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Black Sabbath, O2 Academy, Birmingham 19/05/12

Written by Omar Khan. Posted in Carousel, Live

Tagged: ,

Published on May 20, 2012


Photo by Ross Halfin
Let’s be honest, you can rarely go to a gig in Birmingham without the band mentioning Black Sabbath.
From the Red Hot Chili Peppers to Slipknot, every band I have ever seen have always praised Birmingham for being the ‘home of metal’. And rightly so. Few things make me proud to be Brummie, but our musical heritage is one of them.
So when Black Sabbath, who pretty much invented the genre in 1969 with their self-titled debut album, decided that they were going to return to Birmingham to play a single show in the 3000 capacity o2 Academy, you knew music history was going to be made.
Calling it a ‘warm-up’ show before their spot as headliners at Download festival, one got the feeling that they were ‘testing the waters’ for guitarist Tony Iommi, who recently fought a battle against lymphoma.
With no support act, an early opening time, tightened security and a ridiculous ticket collection method, it almost became a chore getting into the gig, and only the thought of Sabbath (and the £50 forked out on tickets) kept fans from turning back from queuing in the bitter cold; some from as early as 12.
But as soon as the lights and Ozzy’s voice crowed from back stage, every single hour seemed worthwhile. Coming on to a pre-recorded medley, (leaving those who bet what song they’d come on to scratching their heads), they soon settled for ‘Into The Void’ and immediately, you knew they meant business. Ozzy was on top form, leaving behind the embarrassing performances of the 90s, and Tommy Clufetos replacing Bill Ward injected a spark of youth into the set.
As sad as it is to say, Clufetos managed to play a set that packed a punch in the absence of Ward, regardless of whether the reasons behind his absence were monetary or skill related. Moving from ‘Snowblind’ to ‘War Pigs’, ‘Iron Man’ to ‘Dirty Women’, the setlist they chose had the perfect mix of light and heavy, giving the audience time to recuperate from the hits, and giving die-hard fans treats such as playing ‘Wheels of Confusion’ live for the first time. (Well, according to Ozzy.)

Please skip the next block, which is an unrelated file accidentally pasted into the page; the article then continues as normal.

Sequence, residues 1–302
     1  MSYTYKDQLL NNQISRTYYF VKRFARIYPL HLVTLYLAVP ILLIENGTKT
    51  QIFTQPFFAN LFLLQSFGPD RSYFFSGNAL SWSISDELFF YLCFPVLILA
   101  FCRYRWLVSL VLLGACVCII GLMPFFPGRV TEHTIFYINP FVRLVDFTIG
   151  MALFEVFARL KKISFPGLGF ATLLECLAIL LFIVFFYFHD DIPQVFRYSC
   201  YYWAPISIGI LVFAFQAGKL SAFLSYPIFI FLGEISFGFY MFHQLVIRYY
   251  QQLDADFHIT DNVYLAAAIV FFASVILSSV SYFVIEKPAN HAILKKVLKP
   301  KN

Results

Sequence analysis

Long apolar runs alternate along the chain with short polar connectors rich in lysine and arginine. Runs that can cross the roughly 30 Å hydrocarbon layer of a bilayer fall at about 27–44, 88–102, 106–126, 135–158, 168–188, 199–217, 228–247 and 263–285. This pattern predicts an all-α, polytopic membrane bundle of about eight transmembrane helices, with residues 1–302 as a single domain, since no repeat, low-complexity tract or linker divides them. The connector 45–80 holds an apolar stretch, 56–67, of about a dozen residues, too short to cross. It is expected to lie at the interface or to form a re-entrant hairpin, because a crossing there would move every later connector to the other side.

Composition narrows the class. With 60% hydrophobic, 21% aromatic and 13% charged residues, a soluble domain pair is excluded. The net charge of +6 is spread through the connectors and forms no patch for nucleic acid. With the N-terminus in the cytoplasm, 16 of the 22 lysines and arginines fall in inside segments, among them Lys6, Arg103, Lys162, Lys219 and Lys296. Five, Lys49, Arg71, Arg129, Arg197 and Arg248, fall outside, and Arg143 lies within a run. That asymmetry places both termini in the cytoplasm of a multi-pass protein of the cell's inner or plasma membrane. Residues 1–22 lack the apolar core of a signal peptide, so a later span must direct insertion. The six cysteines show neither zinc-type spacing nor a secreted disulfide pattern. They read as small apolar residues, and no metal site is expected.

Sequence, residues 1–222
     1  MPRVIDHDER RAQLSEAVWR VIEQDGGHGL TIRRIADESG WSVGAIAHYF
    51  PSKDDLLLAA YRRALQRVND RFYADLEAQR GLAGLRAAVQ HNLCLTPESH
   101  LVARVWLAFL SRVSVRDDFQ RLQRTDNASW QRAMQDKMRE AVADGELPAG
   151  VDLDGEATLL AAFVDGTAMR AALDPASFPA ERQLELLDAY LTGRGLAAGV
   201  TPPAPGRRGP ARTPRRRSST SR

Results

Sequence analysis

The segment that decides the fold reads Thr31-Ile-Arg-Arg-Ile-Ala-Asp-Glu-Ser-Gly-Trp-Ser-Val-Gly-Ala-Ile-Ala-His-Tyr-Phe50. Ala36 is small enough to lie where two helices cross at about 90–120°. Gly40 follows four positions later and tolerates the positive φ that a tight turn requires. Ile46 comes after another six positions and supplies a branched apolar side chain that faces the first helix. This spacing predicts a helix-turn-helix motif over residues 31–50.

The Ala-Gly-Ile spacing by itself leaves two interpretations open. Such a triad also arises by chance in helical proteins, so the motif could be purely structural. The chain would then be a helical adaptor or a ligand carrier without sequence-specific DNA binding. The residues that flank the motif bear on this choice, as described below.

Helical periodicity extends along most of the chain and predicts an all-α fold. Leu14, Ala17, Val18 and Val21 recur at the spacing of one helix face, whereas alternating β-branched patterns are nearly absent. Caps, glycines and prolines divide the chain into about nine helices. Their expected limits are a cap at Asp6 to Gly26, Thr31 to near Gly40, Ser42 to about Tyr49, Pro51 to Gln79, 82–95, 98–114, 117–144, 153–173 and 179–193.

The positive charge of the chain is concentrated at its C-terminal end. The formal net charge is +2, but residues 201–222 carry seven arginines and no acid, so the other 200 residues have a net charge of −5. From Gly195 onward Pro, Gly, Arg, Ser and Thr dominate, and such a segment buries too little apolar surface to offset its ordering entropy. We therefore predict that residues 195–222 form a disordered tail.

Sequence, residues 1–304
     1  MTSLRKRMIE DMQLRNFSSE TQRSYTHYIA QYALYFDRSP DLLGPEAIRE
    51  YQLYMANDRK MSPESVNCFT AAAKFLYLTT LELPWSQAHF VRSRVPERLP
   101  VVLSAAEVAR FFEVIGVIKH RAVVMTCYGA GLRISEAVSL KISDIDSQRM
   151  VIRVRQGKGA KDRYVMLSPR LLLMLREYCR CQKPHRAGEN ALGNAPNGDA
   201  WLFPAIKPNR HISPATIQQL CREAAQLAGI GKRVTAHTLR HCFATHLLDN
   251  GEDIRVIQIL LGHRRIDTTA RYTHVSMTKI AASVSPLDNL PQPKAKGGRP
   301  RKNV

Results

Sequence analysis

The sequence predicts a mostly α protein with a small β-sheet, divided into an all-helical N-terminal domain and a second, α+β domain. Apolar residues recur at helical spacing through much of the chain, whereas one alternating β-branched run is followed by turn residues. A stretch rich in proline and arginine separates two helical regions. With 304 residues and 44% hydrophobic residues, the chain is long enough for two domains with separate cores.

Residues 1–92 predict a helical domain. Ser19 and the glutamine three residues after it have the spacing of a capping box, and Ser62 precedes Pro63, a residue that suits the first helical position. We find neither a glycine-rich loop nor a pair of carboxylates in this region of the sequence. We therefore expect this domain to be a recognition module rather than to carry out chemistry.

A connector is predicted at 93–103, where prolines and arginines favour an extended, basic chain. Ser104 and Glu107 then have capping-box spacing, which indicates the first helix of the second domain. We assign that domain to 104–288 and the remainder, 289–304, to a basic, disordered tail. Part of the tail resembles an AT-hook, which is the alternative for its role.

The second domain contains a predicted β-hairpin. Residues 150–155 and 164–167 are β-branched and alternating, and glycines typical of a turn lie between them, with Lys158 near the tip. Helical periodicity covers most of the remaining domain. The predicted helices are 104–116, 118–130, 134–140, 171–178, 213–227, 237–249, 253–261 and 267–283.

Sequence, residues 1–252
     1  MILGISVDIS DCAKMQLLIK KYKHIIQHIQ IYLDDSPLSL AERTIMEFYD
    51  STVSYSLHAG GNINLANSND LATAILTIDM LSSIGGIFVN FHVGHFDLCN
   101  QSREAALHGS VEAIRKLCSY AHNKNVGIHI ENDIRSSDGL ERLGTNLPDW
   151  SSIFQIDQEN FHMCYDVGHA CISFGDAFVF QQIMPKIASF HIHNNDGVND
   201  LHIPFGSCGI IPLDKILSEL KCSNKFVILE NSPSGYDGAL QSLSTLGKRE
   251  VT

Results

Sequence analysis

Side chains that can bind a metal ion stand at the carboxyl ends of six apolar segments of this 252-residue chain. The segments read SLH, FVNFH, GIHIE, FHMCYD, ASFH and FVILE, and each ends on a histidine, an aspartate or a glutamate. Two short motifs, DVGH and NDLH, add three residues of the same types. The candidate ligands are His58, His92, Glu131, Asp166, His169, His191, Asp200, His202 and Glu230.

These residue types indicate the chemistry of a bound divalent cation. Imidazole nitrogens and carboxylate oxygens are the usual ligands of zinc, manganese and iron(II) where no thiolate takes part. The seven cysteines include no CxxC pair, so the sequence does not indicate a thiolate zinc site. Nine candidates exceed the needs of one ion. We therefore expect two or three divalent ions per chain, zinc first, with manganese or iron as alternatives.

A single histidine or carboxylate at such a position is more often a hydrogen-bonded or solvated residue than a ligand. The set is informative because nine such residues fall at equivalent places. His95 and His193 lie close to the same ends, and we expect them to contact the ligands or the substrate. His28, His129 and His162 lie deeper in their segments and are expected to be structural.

Photo by Ross Halfin
Each member fulfilled their duties perfectly; Although ‘Symptom of the Universe’ and ‘Sabbath Bloody Sabbath’ were played without vocals, Ozzy’s perfect rendition of ‘Sweet Leaf’ more than made up for it, and Iommi’s mind-blowingly filthy rendition of the ‘Electric Funeral’ riff vibrated the bowels of everyone in the room.
However, there still felt like there was something missing. There was no mention of Bill Ward’s absence, nor was anything said about Tony Iommi’s illness. Ozzy still bantered with the crowd as well as anyone with 45 years experience in the industry does, demanding that the people half his age “go fucking mental”, but the rest seemed to shy away from the spotlight. While neither Geezer Butler or Tony Iommi were ones for prancing around on stage, neither gave more than a smile and a wave to adoring fans chanting their names.
But be that as it may, they all seemed to enjoy themselves a tremendous amount. The simply joy of playing to a room full of people that adore your music was evidently nigh-on overwhelming for the band, and an equal amount of admiration was shown by Ozzy towards both the crowd and his bandmates. Truly, it seemed like it was an unforgettable night for them just as much as it was for me.

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